When selecting business partners, we conduct compliance business assessments based on the risk of compliance violations. In addition to suppliers, and development and joint venture partners, this applies in particular to certain consultants, such as sales agents. We have created a separate policy for partnerships with them Consultant Policy.

Reporting against standards

 

Global Compact

  • Principle 10 (Work against corruption in all its forms of, including extortion and bribery)

Sustainable Procurement ESG KPI KPI

The Sustainable Procurement ESG KPI img remained on a stable level against the prior-year figure. The share of the procurement volume that has been risk-assessed momentarily amounts to 81 percent. Our aim to keep a coverage of at least 80 percent until 2020 was thereby achieved.

As announced in the 2019 CR Report, we changed our sustainability performance metric for procurement in 2020 in order to meet the increasing requirements of our stakeholders. To this end, one of the steps we took was to define two new ESG KPIs: The “Procurement Volume Without CR Risk ESG KPI” and the “Order Volume Verified as Non-Critical ESG KPI”. The new KPIs replace the previous KPIs “Sustainable purchasing” and “CR-qualified top 200 suppliers”.

We measure the degree to which our procurement volume is covered by sustainable activities with the Sustainable Procurement ESG KPI. It measures the share of procurement volume we obtain from suppliers where one or several Group companies of the corporate group have been assessed for compliance with our social and environmental standards by way of self-assessments and/or audits. This also applies for audits carried out on subcontractors. In the coming years we expect our Sustainable Procurement ESG KPI to stay at a constant level.

 

Reporting against standards

 

Global Reporting Initiative (GRI)

  • GRI 412-1 (Human Rights Assessment)
  • GRI 414-1 (Supplier Social Assessment)

German Sustainability Code

  • Criterion 1 (Strategy)
  • Criterion 3 (Objectives)
  • Criterion 4 (Depth of the Value Chain)
  • Criterion 6 (Rules and Processes)
  • Criterion 7 (Control)
  • Criterion 17 (Human Rights)

Global Compact

  • Principle 1 (Support and respect for internationally proclaimed human rights)
  • Principle 2 (No complicity in human rights abuses)
  • Principle 5 (Abolition of child labor)

European Federation of Financial Analysts Societies (EFFAS)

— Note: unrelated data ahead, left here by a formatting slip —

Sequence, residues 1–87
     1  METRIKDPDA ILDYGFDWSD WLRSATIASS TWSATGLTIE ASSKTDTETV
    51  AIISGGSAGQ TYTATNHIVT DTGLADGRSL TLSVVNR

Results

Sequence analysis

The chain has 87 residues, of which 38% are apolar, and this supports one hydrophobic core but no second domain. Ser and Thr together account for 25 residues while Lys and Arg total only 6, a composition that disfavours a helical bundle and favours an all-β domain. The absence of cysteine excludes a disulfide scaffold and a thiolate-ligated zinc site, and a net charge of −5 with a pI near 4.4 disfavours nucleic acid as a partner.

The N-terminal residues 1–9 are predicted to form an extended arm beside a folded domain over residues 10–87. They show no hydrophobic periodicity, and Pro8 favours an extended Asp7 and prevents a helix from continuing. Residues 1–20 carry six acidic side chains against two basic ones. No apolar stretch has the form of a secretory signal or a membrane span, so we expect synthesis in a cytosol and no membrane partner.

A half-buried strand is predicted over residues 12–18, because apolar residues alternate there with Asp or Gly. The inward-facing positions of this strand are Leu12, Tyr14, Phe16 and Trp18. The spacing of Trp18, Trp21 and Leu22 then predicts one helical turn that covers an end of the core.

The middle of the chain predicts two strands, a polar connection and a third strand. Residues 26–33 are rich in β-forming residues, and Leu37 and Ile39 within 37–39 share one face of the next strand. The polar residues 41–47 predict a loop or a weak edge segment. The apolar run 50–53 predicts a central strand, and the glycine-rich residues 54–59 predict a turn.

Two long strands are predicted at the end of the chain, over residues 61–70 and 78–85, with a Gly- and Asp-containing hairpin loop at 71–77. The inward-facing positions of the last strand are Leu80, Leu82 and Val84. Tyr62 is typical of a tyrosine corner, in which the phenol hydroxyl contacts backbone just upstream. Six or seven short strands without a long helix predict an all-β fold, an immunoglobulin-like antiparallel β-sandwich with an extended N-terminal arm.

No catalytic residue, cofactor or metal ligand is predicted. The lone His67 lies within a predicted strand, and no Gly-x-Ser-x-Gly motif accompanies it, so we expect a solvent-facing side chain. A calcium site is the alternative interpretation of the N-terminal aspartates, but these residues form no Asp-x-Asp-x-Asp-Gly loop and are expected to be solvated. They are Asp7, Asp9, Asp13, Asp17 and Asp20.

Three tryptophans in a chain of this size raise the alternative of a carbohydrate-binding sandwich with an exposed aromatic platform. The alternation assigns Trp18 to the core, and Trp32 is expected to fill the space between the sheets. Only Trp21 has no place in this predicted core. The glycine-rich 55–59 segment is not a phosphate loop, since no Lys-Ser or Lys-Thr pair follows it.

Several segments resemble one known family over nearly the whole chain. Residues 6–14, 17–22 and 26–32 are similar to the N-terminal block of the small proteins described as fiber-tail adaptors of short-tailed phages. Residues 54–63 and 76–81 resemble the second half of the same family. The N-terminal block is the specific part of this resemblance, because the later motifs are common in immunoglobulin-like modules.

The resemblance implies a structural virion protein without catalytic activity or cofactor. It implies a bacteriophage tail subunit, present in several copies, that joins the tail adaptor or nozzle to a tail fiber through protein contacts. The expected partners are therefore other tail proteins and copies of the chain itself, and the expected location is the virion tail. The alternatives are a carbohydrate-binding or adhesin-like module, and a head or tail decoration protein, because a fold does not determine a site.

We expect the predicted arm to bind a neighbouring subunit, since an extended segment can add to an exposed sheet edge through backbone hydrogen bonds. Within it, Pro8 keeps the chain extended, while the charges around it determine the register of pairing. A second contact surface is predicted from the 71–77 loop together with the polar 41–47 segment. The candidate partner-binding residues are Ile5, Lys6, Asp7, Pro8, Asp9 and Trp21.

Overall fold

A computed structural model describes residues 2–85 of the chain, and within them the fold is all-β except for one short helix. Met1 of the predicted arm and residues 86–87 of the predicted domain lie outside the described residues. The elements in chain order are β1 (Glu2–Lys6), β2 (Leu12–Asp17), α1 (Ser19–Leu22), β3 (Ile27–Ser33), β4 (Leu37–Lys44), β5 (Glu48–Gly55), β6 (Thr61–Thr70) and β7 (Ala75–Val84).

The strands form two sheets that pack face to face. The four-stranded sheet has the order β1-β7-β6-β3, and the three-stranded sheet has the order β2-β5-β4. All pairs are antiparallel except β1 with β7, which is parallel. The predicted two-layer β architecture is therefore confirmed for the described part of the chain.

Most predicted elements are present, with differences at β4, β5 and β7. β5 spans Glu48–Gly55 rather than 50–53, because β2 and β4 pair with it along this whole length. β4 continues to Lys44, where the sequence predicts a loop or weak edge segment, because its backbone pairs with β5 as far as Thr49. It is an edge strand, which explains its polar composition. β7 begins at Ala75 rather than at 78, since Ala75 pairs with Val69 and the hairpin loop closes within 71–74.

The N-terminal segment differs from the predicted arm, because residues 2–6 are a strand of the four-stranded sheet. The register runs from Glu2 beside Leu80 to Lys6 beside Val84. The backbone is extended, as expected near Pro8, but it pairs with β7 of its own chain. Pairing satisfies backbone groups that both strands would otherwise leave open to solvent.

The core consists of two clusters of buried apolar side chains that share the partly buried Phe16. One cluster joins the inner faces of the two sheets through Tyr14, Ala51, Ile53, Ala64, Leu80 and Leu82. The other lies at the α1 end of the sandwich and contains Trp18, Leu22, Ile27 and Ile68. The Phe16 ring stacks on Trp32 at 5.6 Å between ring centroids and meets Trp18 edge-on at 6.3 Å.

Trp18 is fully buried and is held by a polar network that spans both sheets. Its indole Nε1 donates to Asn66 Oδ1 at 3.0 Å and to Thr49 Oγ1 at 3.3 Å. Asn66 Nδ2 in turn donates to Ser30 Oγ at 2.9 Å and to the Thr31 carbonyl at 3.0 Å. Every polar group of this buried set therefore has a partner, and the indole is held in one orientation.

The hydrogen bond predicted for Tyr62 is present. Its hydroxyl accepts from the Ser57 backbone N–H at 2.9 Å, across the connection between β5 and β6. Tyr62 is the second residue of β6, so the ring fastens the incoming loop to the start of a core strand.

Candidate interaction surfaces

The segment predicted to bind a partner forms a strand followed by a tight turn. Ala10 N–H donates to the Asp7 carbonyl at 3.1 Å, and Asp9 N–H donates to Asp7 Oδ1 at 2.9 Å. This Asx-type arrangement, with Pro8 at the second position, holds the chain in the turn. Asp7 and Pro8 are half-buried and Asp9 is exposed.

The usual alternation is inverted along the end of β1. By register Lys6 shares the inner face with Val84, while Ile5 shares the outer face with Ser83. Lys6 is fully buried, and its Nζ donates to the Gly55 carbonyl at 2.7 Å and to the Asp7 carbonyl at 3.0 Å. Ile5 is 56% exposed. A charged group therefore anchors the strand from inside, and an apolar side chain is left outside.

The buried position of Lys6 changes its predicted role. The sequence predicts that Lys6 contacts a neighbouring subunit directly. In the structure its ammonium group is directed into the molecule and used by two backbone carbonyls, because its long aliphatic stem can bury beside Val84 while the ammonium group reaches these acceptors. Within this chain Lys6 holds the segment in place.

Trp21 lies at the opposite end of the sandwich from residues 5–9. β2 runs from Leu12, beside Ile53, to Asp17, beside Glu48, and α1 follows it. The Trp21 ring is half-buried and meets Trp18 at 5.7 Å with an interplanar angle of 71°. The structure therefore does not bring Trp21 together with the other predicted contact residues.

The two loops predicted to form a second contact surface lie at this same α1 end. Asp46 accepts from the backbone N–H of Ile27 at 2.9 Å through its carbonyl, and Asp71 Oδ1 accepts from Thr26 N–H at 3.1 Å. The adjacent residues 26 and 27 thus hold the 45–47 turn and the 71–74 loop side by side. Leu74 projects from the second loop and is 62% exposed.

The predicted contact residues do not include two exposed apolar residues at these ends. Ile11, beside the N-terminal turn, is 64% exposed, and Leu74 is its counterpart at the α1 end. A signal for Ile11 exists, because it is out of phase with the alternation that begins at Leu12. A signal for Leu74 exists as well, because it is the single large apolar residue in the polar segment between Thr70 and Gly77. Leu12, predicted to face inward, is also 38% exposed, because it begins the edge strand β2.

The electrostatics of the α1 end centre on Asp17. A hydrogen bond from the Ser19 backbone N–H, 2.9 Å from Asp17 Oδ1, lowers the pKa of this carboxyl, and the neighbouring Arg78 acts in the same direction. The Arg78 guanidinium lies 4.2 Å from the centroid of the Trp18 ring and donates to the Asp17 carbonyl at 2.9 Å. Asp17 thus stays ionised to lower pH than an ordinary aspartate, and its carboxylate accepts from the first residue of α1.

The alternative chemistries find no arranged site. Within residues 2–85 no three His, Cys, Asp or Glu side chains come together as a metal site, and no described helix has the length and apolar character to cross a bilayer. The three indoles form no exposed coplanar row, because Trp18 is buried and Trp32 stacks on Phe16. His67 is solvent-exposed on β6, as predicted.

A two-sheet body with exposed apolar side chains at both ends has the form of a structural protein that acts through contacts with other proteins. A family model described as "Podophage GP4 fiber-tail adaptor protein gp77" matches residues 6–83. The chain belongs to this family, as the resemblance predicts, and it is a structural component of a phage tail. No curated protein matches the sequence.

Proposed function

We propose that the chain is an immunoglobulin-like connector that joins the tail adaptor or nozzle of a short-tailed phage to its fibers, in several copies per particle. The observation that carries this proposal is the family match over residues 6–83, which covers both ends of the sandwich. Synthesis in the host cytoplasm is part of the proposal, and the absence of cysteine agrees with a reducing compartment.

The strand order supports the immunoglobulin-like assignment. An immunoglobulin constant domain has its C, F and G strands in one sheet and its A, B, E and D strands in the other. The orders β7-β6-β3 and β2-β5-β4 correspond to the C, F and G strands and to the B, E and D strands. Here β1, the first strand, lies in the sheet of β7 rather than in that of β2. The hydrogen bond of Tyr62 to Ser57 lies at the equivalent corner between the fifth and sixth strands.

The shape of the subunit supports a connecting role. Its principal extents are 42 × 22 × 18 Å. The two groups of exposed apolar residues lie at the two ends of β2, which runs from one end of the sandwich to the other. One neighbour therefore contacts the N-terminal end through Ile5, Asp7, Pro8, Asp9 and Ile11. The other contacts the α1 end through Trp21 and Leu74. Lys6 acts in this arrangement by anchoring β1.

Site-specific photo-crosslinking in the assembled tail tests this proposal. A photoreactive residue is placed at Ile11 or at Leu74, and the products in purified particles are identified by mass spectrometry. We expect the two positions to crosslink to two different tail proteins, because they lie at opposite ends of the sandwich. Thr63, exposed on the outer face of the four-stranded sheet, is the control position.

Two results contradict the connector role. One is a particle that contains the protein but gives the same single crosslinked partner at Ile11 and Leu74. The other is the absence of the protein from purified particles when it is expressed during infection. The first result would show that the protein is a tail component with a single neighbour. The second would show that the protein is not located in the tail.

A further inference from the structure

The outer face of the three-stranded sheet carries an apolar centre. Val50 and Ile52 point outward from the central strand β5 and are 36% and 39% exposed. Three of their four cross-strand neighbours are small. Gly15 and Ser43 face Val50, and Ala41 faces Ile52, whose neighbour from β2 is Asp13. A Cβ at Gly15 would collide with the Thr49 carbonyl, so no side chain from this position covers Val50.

• V28-04 (Supply Chain)

ESG KPI „CR-qualified TOP 200 suppliers“ KPI

The ESG KPI imgCR-Qualified Top 200 Suppliers“ is an internal management indicator which complements the ESG KPI “Sustainable Procurement”. While the ESG KPI “Sustainable Procurement” measures the share of procurement volume reviewed according to sustainability criteria, the KPI “CR-Qualified Top 200 Suppliers” reflects the share of suppliers from the Top 200 Suppliers pool. These are reviewed based on sustainability criteria according to Self-Assessments, Audits img, Supplier Sustainability Workshops and Supplier Development Programs. The share of CR-qualified suppliers taken from the Top 200 pool amounts to 84 percent in 2020. Thus, our target to reach 75 percent by 2020 is exceeded.

As announced in the 2019 CR Report, we changed our sustainability performance metric for procurement in 2020 in order to meet the increasing requirements of our stakeholders. To this end, one of the steps we took was to define two new ESG KPIs: The “Procurement Volume Without CR Risk ESG KPI” and the “Order Volume Verified as Non-Critical ESG KPI”. The new KPIs replace the previous KPIs “Sustainable purchasing” and “CR-qualified top 200 suppliers”.

"Procurement Volume Without CR Risk" ESG KPI KPI

As announced in the 2019 CR Report, we changed our sustainability performance metric for procurement in 2020 in order to meet the increasing requirements of our stakeholders. To this end, one of the steps we took was to define two new ESG img KPIs: "Procurement Volume Without CR Risk" and "Order Volume Verified as Non-Critical". The Procurement Volume Without CR Risk ESG KPI  – for which the target is 95 percent by 2025 – measures the procurement volume from direct business partners on whom an established external service provider carried out checks in the reporting period for negative reports in the media and found no irregularities. It also includes suppliers for whom irregularities were identified, but where corresponding corrective action was taken. The share of this procurement volume subjected to a risk assessment amounted to 99.6 percent in 2020.

The new KPIs replace the previous indicators “Sustainable procurement” and “Top 200 CR-qualified suppliers.”

"Order Volume Verified as Non-Critical" ESG KPI KPI